A fundamental theorem of Wilson states that, for every graph F, every sufficiently large F-divisible clique has an F-decomposition. Here a graph G is F -divisible if e(F) divides e(G) and the greatest common divisor of the degrees of F divides the greatest common divisor of the degrees of G, and G has an F-decomposition if the edges of G can be covered by edge-disjoint copies of F. We extend this result to graphs G which are allowed to be far from complete. In particular, together with a result of Dross, our results imply that every sufficiently large K3-divisible graph of minimum degree at least 9n/10+o(n) has a K3-decomposition. This significantly improves previous results towards the long-standing conjecture of Nash-Williams that every sufficiently large K3-divisible graph with minimum degree at least 3n/4 has a K3-decomposition. We also obtain the asymptotically correct minimum degree thresholds of 2n/3+o(n) for the existence of a C4-decomposition, and of n/2+o(n) for the existence of a C2ℓ-decomposition, where ℓ≥3. Our main contribution is a general ‘iterative absorption’ method which turns an approximate or fractional decomposition into an exact one. In particular, our results imply that in order to prove an asymptotic version of Nash-Williams' conjecture, it suffices to show that every K3-divisible graph with minimum degree at least 3n/4+o(n) has an approximate K3-decomposition.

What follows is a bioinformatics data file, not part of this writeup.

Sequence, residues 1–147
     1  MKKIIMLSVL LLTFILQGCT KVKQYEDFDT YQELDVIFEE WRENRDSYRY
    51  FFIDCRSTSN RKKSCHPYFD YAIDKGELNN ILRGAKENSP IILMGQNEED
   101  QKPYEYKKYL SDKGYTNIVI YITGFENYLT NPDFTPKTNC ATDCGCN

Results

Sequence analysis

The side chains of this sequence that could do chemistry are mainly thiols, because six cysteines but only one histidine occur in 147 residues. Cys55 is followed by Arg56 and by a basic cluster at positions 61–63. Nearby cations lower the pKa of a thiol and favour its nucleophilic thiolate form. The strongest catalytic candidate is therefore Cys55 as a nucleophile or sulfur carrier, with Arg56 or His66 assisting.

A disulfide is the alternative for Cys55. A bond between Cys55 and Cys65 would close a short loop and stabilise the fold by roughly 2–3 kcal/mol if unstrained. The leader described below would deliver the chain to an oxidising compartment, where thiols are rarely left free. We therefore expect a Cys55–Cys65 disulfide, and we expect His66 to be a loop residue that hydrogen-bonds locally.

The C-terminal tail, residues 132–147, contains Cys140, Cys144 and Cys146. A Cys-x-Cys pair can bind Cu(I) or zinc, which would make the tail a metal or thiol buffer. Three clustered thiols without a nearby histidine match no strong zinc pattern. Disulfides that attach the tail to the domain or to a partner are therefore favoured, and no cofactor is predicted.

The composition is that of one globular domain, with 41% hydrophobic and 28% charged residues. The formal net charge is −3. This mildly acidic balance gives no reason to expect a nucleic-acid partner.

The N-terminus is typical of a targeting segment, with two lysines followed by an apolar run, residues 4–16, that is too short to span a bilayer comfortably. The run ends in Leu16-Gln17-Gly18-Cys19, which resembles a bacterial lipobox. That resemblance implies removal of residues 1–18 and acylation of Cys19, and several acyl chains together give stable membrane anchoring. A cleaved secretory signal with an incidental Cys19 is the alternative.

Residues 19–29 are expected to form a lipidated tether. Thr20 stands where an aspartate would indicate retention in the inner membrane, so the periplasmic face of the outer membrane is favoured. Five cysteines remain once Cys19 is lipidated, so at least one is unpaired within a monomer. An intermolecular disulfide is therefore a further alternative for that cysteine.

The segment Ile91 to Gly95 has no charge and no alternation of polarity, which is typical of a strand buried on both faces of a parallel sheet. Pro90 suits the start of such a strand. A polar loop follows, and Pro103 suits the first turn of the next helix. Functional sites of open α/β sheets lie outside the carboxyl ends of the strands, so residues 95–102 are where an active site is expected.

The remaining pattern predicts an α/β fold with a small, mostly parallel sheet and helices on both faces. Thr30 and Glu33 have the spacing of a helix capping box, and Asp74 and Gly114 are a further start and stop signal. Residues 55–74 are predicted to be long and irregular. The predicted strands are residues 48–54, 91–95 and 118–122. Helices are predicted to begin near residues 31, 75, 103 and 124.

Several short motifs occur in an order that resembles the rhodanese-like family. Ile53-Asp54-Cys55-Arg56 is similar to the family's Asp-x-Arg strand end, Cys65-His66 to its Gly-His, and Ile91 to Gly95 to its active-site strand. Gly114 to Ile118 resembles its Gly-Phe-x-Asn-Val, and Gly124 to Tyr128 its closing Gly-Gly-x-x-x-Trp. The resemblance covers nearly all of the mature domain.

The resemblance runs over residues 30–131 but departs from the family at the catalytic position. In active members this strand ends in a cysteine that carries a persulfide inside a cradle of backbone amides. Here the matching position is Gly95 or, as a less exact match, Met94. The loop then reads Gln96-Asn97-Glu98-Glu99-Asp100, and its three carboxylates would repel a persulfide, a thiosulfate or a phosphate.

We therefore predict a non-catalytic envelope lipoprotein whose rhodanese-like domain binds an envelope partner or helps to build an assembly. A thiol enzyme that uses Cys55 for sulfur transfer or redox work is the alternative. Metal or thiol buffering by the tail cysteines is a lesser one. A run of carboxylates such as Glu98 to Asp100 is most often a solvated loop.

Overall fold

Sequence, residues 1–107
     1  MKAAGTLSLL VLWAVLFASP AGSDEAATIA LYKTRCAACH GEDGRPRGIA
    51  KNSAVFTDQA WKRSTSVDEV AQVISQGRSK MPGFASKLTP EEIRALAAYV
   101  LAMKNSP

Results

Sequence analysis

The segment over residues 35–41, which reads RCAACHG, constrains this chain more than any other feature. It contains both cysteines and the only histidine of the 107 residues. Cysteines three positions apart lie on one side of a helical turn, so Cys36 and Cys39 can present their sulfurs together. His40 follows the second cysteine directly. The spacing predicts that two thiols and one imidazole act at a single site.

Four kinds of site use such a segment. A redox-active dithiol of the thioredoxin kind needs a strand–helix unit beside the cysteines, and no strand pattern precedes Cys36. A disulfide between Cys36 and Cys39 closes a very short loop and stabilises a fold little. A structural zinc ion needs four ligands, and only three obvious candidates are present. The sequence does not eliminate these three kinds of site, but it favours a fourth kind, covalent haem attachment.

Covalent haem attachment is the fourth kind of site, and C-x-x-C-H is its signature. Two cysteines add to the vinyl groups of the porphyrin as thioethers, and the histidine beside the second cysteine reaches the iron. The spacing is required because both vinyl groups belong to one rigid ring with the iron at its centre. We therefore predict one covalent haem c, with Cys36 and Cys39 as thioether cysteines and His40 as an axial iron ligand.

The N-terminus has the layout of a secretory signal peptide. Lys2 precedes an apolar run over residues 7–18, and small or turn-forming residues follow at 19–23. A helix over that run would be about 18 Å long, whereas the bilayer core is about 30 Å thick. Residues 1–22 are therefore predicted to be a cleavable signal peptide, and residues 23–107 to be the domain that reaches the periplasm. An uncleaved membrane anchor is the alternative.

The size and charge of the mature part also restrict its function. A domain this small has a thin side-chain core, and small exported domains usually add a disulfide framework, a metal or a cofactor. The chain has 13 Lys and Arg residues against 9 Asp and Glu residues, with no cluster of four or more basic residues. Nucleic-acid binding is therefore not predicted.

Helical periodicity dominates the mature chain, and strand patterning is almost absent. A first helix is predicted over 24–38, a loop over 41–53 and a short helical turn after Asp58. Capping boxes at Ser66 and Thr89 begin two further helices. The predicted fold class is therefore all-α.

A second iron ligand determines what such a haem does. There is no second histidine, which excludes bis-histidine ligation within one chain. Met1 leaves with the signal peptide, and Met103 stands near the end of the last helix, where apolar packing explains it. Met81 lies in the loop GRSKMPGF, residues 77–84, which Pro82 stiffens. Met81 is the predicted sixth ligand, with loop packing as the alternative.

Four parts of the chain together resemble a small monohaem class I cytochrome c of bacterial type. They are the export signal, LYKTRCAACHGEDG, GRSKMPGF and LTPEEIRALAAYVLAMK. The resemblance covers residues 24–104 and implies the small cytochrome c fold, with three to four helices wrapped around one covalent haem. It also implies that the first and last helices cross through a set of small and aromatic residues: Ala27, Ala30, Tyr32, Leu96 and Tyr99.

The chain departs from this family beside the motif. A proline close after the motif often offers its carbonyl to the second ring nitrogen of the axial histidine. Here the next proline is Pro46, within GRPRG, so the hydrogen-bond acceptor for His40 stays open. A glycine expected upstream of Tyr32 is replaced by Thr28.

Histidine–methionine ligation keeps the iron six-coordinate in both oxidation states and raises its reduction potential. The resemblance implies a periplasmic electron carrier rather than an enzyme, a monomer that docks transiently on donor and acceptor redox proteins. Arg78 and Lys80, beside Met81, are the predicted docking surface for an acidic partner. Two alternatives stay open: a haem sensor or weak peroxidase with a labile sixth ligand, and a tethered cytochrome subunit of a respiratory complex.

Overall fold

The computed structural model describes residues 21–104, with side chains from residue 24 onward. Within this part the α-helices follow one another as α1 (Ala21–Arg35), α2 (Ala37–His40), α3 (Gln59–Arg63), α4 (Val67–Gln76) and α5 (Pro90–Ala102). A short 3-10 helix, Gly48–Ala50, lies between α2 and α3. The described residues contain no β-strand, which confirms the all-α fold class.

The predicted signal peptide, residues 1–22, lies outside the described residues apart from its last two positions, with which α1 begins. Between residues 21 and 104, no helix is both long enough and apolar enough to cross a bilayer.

- Extremal graph theory
- Probabilistic methods
- Edge-decompositions of graphs